Hip Hops: Craft beer’s sexism problem; “The reckoning is here and it’s not going away soon”

It’s been a little over four months since craft beer’s sexism problem became headline news. Writing at Wine Enthusiast in September, John Holl offered this follow-up: “Whistleblowers, Internal Investigations and an Ongoing Reckoning in Craft Beer.”

If this is a reckoning, as some have suggested, the end results are unclear. Will breweries and beer professionals root out abusive behaviors? And what happens to whistleblowers after the dust settles?

Whistleblowers, Internal Investigations and an Ongoing Reckoning in Craft Beer

The reckoning began in May with a flood of responses to an Instagram thread posted by Brienne Allan, who at the time was production manager at Notch Brewing.

To bring these issues to light in the customer sphere, in July, Allan announced a collaboration beer called Brave Noise. Its aim is to promote a safe and discrimination-free beer industry.

Holl’s essay generated Twitter chatter about the reaction to Brave Noise — or more accurately, the absence of a reaction.

So, why hasn’t there been more intent to collaborate?

Yesterday the number of breweries participating in the Brave Noise collaboration had climbed to 109, including a grand total of one from Kentucky (Braxton Brewing) and none from Indiana.

You’re free to make of this information as you wish.

This isn’t exactly news, but hops are trendy and exciting. It seems as if the magic cone gets all the love.

Yet malt is the very foundation of beer. it’s the offensive line, the roux, and the rhythm section. Without malt, the glass in your hand is filled with something limp and inert, like hard seltzer or Lagunitas Hoppy Refresher (hopped sparkling water), with neither the alcohol nor beer’s intended mouth feel. Malt flavors matter, too, but if it’s not hops on the tip of everyone’s tongues, the likely topic of discussion is yeast.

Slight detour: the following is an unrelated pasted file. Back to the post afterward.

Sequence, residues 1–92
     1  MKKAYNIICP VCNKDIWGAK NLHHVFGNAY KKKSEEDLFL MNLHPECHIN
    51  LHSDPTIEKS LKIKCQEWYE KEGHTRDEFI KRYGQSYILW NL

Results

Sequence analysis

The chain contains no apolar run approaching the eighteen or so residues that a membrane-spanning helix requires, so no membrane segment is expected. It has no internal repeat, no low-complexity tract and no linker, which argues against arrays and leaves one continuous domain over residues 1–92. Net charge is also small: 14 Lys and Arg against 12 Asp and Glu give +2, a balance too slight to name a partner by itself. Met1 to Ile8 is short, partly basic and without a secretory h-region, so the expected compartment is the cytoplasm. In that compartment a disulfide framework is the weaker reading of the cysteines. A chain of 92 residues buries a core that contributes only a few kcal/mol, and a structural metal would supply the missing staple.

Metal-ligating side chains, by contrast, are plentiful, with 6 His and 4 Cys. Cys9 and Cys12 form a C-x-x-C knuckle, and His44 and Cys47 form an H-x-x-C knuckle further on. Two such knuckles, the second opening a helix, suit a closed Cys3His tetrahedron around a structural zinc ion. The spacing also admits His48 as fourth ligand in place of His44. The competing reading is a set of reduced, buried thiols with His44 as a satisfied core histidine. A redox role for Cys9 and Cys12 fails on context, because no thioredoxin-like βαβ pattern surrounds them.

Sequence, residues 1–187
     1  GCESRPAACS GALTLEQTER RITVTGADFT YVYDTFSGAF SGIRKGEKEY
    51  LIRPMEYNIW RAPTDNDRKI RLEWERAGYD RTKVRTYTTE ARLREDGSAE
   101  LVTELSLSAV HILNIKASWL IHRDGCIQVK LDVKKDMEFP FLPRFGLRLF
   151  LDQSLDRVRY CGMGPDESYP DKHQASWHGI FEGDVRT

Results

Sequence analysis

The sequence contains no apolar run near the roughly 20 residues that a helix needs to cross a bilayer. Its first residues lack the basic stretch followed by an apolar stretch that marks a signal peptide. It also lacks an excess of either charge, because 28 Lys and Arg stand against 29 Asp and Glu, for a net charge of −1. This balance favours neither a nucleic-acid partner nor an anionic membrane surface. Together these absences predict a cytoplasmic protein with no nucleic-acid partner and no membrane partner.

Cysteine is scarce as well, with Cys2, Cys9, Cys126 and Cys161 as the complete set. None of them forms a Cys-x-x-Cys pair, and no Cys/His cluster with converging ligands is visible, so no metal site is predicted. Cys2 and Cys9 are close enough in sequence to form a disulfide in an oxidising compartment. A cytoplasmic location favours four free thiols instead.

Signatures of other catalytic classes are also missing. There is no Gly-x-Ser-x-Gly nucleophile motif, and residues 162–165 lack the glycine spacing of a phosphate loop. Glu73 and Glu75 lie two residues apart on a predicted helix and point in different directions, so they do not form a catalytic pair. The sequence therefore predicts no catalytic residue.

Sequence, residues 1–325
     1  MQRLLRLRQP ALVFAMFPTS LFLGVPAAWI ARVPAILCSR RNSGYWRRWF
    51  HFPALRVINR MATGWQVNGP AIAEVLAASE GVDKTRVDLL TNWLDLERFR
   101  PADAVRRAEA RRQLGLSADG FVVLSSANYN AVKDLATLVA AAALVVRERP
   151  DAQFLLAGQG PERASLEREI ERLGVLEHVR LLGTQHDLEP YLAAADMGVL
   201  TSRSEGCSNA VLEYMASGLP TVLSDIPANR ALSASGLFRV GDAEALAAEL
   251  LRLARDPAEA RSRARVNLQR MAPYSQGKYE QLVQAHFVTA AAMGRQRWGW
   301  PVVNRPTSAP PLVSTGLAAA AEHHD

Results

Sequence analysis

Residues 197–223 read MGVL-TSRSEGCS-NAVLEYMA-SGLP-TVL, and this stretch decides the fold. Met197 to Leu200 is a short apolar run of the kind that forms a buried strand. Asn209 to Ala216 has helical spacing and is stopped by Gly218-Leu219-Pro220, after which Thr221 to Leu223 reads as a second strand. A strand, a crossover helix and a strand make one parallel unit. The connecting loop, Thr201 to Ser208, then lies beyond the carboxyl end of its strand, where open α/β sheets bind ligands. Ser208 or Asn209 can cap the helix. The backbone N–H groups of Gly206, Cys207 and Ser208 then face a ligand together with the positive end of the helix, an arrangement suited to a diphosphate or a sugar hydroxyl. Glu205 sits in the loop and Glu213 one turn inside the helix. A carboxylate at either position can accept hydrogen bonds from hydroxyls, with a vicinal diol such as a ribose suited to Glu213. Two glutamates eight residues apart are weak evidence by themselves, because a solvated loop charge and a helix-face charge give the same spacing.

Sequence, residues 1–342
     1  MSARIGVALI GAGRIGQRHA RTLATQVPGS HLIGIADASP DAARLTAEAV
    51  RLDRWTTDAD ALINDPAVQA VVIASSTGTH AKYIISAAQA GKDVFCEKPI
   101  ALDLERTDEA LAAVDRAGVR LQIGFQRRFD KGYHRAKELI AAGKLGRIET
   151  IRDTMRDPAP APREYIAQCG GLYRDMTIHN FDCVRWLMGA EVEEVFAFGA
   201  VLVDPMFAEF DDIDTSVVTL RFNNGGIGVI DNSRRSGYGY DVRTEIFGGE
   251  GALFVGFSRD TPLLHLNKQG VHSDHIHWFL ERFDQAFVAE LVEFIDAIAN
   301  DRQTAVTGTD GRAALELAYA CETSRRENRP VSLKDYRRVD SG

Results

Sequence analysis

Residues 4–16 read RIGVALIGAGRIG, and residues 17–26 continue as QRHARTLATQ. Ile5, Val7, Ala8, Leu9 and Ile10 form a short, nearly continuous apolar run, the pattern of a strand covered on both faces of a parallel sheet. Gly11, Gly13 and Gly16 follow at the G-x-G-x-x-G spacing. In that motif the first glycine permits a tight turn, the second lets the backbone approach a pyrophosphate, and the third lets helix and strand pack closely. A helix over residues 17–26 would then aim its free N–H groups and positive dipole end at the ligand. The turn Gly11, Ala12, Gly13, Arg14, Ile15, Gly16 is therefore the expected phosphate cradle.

We take water for granted as well, but at the risk of digression, let’s return to the journalist Holl, who in his spare time hosts a fine little weekly podcast.

Every week, Drink Beer, Think Beer touches on all aspects of the brewing industry. From ingredients and process, to philosophy and the art in each beer, the podcast is hosted by long-time journalist John Holl and is available on all the major podcast platforms. Beer Edge releases new episodes of Drink Beer, Think Beer with John Holl every Wednesday. 

On the topic of malt, Episode 101 of Drink Beer, Think Beer is a conversation with Hoosier farmer Caleb Michalke, the owner and maltster at Sugar Creek Malt Co.

Not only has craft malting arrived. It’s also a fascinating story in its own right, so pour a beer and have a listen.

Roger Baylor is an entrepreneur, educator, and innovator with more than 35 years of hands-on experience and expertise as a beer seller, restaurateur, and commentator. As the co-founder of New Albany’s Sportstime Pizza/Rich O’s Public House (which later became New Albanian Brewing Company) in the 1990s and early 2000s, Baylor played a seminal role in Louisville’s craft beer renaissance. Currently he is the beer director at Pints&union in New Albany. Baylor’s “Hip Hops” columns on beer-related subjects have been a fixture in F&D since 2005, and he was named the magazine’s digital editor in 2019.